Navigating the politics of snowstorms can be tricky for officials
Mayor Adrian M. Fenty spoke in the shadow of the District's towering salt dome. Maryland Gov. Martin O'Malley urged patience from the same control center where emergency workers tracked the impact of this week's dual storms. And Virginia Gov. Robert F. McDonnell conducted phone conferences with reporters while largely following his regular schedule.
The latest snowstorm to blast through the region has thrust local leaders into a particularly tight spot. Their snow budgets are bursting, if not blown, at a time of unprecedented fiscal pressures. Plows, salt trucks and the crews that drive them have been exhausted. And residents who had been patient with the pace of snow-clearing are growing weary of being trapped in their homes, in some cases without power.
Few events underscore the role of government in everyday life so acutely as a crippling blizzard, and each new snowstorm presents a new demand for elected officials to prove themselves.
"A snowfall done well has very little political upside," said Minneapolis Mayor R.T. Rybak, who knows a little something about inclement weather. "A snowfall done poorly can be the worst thing for a mayor."
'A hard battle'
Some Washington area residents have been understanding of the difficulties officials face as they try to clear ice-clogged residential streets and keep up with Wednesday's whiteout conditions. Jay Caplan, 66, a retired government lawyer who was shoveling the steps of his Capitol Hill apartment, said Fenty (D) has done a "very credible, very competent job" considering the unusual severity of the storms.
"It's a hard battle, but they did all right for such a gigantic quantity of snow," he said.
But homeowners in Annandale's Camelot subdivision in Fairfax County have lost patience. After several personal vehicles, a mail truck and two Verizon trucks became stuck on secondary roads this week amid downed power lines, some residents gave the official response a scathing review. "This is ridiculous!" one woman wrote on the neighborhood Internet board. "We pay enough in our taxes NOT to be ignored."
Some residents of Montgomery County have been similarly displeased with the pace of plowing. "My question to somebody who was in a position of power is, 'What the hell happened to suburban Maryland?' " said Alan Kraut, an American University history professor who lives on Sonoma Road in Bethesda.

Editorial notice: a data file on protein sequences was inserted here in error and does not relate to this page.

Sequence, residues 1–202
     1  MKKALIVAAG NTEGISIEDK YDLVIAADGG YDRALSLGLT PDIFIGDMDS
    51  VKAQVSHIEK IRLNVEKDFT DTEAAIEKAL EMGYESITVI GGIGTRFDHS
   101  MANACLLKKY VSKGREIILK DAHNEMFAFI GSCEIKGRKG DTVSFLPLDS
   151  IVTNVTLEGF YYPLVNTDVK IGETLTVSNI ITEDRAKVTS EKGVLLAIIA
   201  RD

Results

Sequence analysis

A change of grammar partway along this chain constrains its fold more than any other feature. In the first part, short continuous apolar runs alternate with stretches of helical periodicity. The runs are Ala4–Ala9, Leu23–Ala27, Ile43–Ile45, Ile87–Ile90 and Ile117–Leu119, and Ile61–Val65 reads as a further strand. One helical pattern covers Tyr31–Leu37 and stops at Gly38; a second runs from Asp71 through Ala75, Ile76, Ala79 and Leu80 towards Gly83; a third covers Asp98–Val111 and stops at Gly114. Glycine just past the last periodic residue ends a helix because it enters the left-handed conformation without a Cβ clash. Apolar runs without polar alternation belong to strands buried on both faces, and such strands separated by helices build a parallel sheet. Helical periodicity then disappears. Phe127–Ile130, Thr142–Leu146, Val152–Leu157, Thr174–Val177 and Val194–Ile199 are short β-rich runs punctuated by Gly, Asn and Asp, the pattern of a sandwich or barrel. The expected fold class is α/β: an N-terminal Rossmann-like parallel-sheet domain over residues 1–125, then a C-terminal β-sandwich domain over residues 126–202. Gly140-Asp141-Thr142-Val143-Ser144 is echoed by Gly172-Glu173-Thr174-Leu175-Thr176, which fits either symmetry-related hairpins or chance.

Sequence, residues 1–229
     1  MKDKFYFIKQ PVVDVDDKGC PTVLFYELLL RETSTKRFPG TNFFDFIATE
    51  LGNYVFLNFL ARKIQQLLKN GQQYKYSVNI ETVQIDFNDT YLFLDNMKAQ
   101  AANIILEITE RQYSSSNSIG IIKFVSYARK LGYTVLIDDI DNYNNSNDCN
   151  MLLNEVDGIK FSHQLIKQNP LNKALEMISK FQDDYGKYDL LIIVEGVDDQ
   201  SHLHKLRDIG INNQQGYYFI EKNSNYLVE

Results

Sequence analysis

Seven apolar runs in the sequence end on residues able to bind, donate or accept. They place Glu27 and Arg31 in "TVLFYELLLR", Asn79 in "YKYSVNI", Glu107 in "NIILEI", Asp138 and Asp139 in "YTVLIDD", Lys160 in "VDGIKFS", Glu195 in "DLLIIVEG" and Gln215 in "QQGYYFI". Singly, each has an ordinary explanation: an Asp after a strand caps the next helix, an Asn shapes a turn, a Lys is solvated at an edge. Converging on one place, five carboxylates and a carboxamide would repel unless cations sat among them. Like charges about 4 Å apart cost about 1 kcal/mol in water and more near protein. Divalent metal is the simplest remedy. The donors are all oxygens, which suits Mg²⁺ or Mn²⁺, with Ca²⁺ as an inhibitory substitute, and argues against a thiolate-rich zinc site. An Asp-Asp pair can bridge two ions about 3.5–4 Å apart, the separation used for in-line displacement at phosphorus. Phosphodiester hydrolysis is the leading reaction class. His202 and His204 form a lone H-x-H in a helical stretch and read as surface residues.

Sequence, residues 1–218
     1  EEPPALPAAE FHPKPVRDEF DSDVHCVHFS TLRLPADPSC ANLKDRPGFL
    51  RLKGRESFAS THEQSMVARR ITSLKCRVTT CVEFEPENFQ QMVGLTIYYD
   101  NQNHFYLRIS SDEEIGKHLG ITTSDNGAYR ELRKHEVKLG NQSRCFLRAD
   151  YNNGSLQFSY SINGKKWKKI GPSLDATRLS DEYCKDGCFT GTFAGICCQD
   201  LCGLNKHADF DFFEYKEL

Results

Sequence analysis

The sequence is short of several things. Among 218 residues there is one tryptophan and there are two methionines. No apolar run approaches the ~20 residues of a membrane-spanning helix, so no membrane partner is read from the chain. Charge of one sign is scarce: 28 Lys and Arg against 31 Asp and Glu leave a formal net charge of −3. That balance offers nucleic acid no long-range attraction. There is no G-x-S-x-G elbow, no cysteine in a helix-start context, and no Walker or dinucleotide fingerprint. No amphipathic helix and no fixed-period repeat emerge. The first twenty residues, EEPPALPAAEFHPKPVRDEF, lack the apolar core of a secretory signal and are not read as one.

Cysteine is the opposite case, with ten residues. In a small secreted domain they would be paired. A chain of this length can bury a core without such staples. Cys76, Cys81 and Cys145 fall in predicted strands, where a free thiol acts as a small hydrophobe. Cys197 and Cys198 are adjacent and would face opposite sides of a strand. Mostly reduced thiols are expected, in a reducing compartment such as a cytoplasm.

He did not think the storm would have long-term political repercussions, however. "One of the advantages that politicians always have is that most constituents have short memories, and by the time spring comes and flowers are blooming, an awful lot of people will have forgotten about the lousy service we got during the blizzard."
Fenty, who is running for reelection this year, has tried to show he is conducting business as usual while overseeing the city's snow-removal operations. He has shuttled between news conferences, driving himself in a Smart Car on some of the District's (ostensibly cleared) streets, to announce a new government Web site or use the city's municipal salt dome as a backdrop.
He got generally good reviews for his handling of the December snowstorm. But he faced fierce criticism from parents Sunday when he initially announced that schools would open two hours late on Monday despite the blizzard, which smacked the region with two feet of snow over the weekend. He later changed course and closed school doors Monday, Tuesday and Wednesday.
On Wednesday, O'Malley (D) asked residents to lower their expectations for road-clearing. "We are all accustomed and desire to see our county and city crews . . . being able to scrape the snow down to the pavement. That will not be a possibility over the next 72 hours," he said.
McDonnell (R), who was sworn in last month, canceled some of his regular activities but has largely kept to his schedule. On Wednesday, he unveiled an education initiative in Richmond, which escaped the brunt of that day's storm. He has held fewer media briefings than O'Malley and held conference calls with the media Saturday and Sunday from the Emergency Operations Center in Richmond.
The politics of snow
Navigating the politics of snow can make for some treacherous winter driving. If officials overreact, their communities could become a national laughingstock, as Washington did last year when President Obama accused his new home town of lacking a certain "flinty Chicago toughness" in the face of winter. If they act too nonchalantly, they risk alienating voters, as former D.C. mayor Marion Barry did when he sat out a pair of snowstorms in 1987, choosing not to interrupt his Southern California vacation. If they handle it with aplomb, hardly anyone will notice because they will have done what is expected of them.
They must keep an eye on the budget. State and local officials were already contending with one of the worst financial pictures in recent history, battered by the recession. The situation will be exacerbated by this year's extraordinary winter weather, which is approaching record levels and will probably have repercussions for government coffers.
"It's very tricky for a city like Washington or New York, large cities that get these infrequent but potentially large snowfalls," said James Campbell, a professor of management science at the University of Missouri at St. Louis, who has researched urban snow removal. "It would be extremely expensive for a city like Washington to have on call the equipment and manpower you need every 20 years. I'm not sure it would be wise to devote that much of your public works budget to such an event."
Staff writers Aaron C. Davis, Rosalind S. Helderman, Derek Kravitz, Anita Kumar, Michael Laris, Ann E. Marimow and John Wagner contributed to this report.